Dear Visitors:

Please scroll down the page to see present and archive blogs.

Thank you very much: Tramway Null(0)

Webrings - Maps - Trolleys and More

Navigation by WebRing.

Tuesday, April 30, 2013

From Texas to Brooklyn: Univ. of Texas Brooklyn 1913 Street Railway Maps

This informative map comes from the University of Texas at Austin's Map Room.

Perry-Castañeda Library
Map Collection

McGraw Electric Railway Manual Maps, 1913

The maps below are from "McGraw Electric Railway Manual: The Red Book of American Electric Railway Investments" (Edited by Frederic Nicholas). McGraw Publishing Company, Inc., New York City, 1913.

 I took this map and georeferenced into my modern Brooklyn map with recent subway lines and stations using ARCGIS.  The resultant map shows 1913 Street Railway Routes and its' location near (as much as I could georeference) modern subway stops and stations.  Notice some interesting features:
  1. The Brooklyn Race Tracks are still on the map.
  2. The Coney Island Creek is quite extensive.
  3. Notice a strange canal from near Nostrand Avenue near Newkirk to Bergen Beach.
  Please find below the original document from the University of Texas at Austin Map Archive.  It seems to show the proposed subway\elevated routes that were being built at the time (dual contracts).  Also note that in Southern Brooklyn, there are very few streetcar crosstown routes south of Church Avenue. Later on, the 16th Avenue and Cortelyou Road streetcar routes were combined to form the new trolleybus route number 23 that ran on Cortelyou Road from Flatbush Avenue and along 16th Avenue to New Utrecht Avenue and 62nd Street at the West End / Sea Beach subway stations and it was a crosstown route.  This area, which is almost found in one spot,  what I call an "optimal point" where at one point you have: 1)  West End BMT Lines on a Elevated Structure, 2) West End Trolley on the Surface, 3) Cortelyou Road Trolleybus Number 23 nearby with a loop, 4) Sea Beach Line New Utrecht Avenue Station below grade in a subway, and 5)  The Bay Ridge Division of the Long Island Railroad passing several hundred feet away.  I believe that 16th Avenue trolleybus service replaced the 16th Avenue Trolley which may have run via Gravesend Avenue and Church Avenue to Utica Avenue in either 1930 or 1932.  No other crosstown streetcar lines were built in this area even though the BMT corporation may have wanted to because the City of New York was probably against it.  Are there many spots in the world today, that if you point a stick vertically down, you have elevated railways on top, streetcars on the surface, crossed by trolleybus lines and subway / suburban services in a subway?  Perhaps in Germany and Switzerland you may find examples of these "optimal points".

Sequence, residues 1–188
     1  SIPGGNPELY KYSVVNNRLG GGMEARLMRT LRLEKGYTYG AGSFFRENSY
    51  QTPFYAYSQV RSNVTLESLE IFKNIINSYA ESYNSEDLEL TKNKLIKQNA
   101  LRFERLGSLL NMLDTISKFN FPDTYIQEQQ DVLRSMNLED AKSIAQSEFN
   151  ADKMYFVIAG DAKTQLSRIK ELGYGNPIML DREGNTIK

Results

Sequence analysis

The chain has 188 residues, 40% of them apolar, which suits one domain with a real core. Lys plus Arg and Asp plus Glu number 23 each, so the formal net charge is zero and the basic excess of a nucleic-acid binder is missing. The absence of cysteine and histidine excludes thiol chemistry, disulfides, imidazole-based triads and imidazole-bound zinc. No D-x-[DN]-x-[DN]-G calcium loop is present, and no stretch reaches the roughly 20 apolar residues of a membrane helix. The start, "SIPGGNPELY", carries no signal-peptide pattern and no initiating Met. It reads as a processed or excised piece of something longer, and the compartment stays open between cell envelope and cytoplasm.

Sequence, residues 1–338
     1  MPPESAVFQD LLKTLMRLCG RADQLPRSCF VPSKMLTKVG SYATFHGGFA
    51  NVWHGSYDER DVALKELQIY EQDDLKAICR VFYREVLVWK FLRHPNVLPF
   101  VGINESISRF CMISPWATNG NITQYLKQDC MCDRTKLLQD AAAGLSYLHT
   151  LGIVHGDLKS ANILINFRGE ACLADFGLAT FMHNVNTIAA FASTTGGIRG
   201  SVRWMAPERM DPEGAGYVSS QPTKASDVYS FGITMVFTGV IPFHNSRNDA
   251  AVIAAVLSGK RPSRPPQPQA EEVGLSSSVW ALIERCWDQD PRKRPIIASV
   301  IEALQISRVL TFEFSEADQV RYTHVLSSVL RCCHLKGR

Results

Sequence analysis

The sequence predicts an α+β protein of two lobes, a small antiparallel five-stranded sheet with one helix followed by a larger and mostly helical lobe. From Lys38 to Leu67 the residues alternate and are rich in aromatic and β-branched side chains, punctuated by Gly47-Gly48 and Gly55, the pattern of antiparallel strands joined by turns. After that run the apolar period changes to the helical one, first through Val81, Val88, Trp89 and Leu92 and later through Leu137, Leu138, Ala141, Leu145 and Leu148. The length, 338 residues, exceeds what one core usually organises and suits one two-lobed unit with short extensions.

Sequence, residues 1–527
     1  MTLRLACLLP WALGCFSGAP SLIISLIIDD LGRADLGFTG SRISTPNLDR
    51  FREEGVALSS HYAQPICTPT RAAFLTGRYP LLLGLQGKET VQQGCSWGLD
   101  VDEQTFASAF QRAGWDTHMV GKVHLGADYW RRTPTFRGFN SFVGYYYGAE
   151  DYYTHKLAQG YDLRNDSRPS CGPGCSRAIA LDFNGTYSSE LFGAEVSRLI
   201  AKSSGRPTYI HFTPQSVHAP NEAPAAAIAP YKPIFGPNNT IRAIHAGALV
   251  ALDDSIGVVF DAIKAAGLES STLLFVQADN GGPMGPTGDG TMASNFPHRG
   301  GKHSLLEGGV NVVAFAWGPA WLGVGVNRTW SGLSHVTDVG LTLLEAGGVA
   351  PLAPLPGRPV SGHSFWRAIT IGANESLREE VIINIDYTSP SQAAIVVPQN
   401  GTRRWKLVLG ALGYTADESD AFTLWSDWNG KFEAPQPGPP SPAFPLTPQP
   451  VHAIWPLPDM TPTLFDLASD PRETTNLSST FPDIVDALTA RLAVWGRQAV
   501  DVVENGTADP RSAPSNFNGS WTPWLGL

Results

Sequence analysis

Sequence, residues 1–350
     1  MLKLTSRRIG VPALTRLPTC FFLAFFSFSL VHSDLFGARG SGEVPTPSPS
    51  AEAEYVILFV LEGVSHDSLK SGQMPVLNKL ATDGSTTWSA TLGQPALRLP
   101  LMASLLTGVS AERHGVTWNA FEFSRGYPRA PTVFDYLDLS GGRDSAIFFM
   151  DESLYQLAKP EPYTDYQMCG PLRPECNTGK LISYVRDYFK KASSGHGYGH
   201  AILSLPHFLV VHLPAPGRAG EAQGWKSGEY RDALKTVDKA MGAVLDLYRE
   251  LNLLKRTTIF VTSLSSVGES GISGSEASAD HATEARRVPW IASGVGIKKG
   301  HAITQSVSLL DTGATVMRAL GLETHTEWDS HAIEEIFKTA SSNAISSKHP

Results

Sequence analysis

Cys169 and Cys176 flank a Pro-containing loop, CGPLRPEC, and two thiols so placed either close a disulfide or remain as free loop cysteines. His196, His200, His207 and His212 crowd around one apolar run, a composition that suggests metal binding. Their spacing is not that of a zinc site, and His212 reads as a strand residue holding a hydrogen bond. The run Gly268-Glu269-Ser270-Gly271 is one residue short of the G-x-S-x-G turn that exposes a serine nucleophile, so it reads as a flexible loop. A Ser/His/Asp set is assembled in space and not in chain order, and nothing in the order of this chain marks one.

No comments:

Post a Comment